San Diego A plant-derived cannabis medicine is poised to be the first of its kind to win U.S. Food and Drug Administration approval. A winner of the expected greenlight: Carlsbad’s Greenwich Biosciences.
Greenwich, the U.S. subsidiary of United Kingdom-based GW Pharmaceuticals, last year moved into a 21,000-square-foot office space in Carlsbad, quadrupling its footprint. Greenwich supports the commercialization of GW’s epidiolex, made from a purified cannabis ingredient called cannabidiol, and is intended to treat seizures in children with rare types of epilepsy.
Last month, an FDA panel unanimously recommended epidiolex approval, a nonbinding vote that’s nonetheless widely anticipated to generate an agency greenlight this summer.
Greenwich previously stated it would have 100 employees by later this year, four times last year’s number. The company is adding expertise in pharmaceutical sales, marketing and market access.
“We’ve got quite a sizable footprint here in Carlsbad for the commercialization and medical support of epidiolex,” said Steve Schultz, vice president of investor relations at GW.
While most of epidiolex’s research and development took place in the United Kingdom, medical and clinical liaisons in Carlsbad played a part in drug advancement.
Epidiolex does not contain THC that makes people stoned, unlike recreational marijuana. Being derived from a plant also separates epidiolex from FDA-approved synthetic cannabinoid drugs on the market.
About 40 percent to 50 percent of epidiolex clinical trial patients saw more than a 50 percent reduction in seizures. Trial participants had tried other medical options.
Schultz said GW’s pursuit of epidiolex came independent of the loosening of recreational cannabis laws. But could wider acceptance of marijuana benefit GW and Greenwich?
Jumping Through Extra Hoops
Schultz said perhaps on a macro level, but epidiolex belongs in another category. The drug is eligible for insurance reimbursement, there’s no variance from batch to batch and it demonstrated efficacy against a placebo.
“We’re creating a medicine that has the hallmarks of a modern medicine,” Schultz said.
Yet getting this far required jumping through extra regulatory hoops, given the federal government generally frowns on cannabis. That included obtaining U.S. Drug Enforcement Administration clearance at all clinical trial sites.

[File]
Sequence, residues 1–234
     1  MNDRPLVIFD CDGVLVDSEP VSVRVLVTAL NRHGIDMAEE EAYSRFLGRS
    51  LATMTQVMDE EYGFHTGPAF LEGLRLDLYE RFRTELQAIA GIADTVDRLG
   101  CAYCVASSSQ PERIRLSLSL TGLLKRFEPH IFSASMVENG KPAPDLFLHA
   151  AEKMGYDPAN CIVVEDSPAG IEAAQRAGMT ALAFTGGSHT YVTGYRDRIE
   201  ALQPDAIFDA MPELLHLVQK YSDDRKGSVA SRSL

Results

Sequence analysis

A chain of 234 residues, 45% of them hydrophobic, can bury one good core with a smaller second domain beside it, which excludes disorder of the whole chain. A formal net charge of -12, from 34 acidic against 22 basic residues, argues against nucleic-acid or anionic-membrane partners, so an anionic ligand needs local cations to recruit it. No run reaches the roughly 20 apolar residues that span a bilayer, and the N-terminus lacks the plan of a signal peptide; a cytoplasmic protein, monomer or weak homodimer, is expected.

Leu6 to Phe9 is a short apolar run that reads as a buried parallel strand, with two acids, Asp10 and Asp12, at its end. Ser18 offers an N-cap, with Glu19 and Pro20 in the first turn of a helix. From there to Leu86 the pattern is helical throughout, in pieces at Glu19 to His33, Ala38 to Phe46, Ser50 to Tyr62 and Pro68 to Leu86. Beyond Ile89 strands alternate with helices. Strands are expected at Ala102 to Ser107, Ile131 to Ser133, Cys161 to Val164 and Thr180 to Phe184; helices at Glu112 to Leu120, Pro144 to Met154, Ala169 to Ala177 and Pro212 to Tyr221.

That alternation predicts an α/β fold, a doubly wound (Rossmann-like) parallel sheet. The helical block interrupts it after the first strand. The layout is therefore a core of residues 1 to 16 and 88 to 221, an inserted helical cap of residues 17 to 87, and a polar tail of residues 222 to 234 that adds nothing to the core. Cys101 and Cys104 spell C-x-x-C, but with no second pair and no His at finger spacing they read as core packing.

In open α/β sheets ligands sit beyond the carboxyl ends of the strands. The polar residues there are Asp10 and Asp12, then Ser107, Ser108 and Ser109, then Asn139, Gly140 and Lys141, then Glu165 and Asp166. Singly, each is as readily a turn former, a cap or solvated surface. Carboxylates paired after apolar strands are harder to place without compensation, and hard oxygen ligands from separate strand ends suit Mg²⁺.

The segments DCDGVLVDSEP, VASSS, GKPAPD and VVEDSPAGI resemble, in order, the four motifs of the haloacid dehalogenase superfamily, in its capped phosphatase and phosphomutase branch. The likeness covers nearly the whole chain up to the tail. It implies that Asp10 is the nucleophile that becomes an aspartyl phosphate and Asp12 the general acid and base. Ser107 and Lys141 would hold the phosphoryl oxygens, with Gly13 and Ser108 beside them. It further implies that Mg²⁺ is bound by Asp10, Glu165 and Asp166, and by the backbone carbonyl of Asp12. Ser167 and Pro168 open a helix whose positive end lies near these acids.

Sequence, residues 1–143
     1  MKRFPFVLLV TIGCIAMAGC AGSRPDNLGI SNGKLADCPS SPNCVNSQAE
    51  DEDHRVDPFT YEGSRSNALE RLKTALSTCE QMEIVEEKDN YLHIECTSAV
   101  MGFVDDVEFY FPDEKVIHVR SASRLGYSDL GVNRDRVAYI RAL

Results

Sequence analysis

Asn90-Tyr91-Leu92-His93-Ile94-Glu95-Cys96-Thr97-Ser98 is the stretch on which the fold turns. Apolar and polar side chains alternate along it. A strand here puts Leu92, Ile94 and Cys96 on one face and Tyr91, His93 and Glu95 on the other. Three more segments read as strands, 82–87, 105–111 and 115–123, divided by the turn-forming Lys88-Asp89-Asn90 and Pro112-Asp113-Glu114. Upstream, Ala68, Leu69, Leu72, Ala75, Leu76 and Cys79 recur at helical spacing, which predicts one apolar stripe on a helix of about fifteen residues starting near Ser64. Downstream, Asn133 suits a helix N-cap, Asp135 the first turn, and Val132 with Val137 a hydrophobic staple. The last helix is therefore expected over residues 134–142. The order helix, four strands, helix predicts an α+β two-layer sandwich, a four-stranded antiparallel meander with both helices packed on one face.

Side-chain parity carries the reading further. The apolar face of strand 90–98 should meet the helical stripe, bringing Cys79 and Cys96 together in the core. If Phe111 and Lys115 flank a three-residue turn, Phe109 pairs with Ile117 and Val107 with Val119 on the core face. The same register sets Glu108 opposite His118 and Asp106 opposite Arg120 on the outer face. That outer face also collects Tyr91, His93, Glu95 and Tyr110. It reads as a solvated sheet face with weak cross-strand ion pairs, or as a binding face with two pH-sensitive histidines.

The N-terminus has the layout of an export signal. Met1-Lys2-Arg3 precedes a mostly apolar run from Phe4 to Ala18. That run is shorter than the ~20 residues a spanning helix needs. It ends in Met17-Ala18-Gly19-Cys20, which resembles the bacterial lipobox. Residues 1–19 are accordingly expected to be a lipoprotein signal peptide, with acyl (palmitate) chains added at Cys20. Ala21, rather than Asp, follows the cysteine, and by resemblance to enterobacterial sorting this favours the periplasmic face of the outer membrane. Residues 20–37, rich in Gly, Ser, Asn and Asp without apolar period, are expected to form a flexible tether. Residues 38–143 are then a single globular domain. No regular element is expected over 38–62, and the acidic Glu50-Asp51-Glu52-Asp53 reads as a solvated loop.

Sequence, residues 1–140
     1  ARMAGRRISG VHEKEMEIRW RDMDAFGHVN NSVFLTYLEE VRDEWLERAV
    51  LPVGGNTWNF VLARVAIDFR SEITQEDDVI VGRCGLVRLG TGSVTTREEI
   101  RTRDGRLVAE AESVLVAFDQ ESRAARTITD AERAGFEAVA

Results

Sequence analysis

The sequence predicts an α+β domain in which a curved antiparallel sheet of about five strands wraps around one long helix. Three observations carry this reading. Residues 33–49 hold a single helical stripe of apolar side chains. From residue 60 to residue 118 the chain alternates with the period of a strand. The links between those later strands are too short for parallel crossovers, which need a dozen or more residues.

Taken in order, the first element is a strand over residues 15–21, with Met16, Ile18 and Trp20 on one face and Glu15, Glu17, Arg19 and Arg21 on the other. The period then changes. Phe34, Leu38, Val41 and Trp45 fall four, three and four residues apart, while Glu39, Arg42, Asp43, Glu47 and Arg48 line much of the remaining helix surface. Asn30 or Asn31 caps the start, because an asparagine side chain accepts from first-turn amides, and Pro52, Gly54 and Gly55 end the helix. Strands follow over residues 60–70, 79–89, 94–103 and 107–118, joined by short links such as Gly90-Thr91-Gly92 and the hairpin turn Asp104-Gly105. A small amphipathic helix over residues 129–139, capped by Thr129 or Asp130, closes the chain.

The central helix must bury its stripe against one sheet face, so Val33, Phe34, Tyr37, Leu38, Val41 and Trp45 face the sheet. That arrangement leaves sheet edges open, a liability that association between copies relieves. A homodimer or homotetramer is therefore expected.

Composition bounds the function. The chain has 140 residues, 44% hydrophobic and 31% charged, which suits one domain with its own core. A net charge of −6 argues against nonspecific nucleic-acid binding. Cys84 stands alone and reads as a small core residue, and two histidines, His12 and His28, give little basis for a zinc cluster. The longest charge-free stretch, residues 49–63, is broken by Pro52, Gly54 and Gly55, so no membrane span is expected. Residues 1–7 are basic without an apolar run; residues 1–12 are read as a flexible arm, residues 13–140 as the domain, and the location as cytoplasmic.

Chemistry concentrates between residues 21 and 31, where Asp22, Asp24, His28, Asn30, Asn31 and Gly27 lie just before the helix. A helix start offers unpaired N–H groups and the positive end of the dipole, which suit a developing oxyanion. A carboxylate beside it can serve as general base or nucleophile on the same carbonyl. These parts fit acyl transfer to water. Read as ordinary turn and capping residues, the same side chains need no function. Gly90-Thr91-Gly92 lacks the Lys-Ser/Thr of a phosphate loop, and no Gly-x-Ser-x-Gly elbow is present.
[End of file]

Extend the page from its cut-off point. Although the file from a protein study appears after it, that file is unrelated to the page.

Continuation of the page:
“There are very special handling requirements associated with that clearance,” Schultz said.
Maxim Jacobs, a biotech analyst at Edison Investment Research, said plant-derived cannabis drugmakers have an easier time locking down funding with the cloud of stigma around marijuana lifting.
“Cannabis, people just thought before, is for hippies, and it’s for people who want to go to (Grateful) Dead shows,” Maxim said.
With GW leading the way, he said more drugmakers are jumping into the space.
Few Late-Stage Cos.
“There’s a lot of early-stage companies, but there’s very few late-stage companies,” Maxim said.
Not all drugmakers in the cannabinoid space work with plants. San Diego’s Renew Biopharma, for instance, synthetically grows cannabinoid molecules in microalgae, with the goal of sparking a new class of pain therapeutics.
Because Renew’s process doesn’t involve THC or plants, the startup has stated it wouldn’t run into obstacles stemming from the federal government classifying marijuana as a “schedule 1” substance — a category reserved for dangerous drugs.
Abide Therapeutics’ ABX-1431 has yet another approach: working along cannabinoid receptors in the brain to treat Tourette syndrome.
Plant marijuana activates these receptors, but with challenges like precise dosing. In contrast, Abide Therapeutics’ drug selectively targets the cannabinoid receptors, without being derived from cannabinoids and minus the plant’s associated effects.
Last November, the drug showed benefits in treating Tourette syndrome in an early-stage trial — specifically, Phase 1b. Abide believes regulating abnormal neurotransmission in this fashion could benefit other neurological conditions.
“If you like, this is an enhanced physiological process to repair the imbalance of circuits that are overactive,” said Alan Ezekowitz, Abide’s president and CEO.
Abide holds the rights to commercialize the drug worldwide. Previously, pharmaceutical giant Celgene held commercialization rights outside the U.S., but Abide regained the rights, it was announced in March.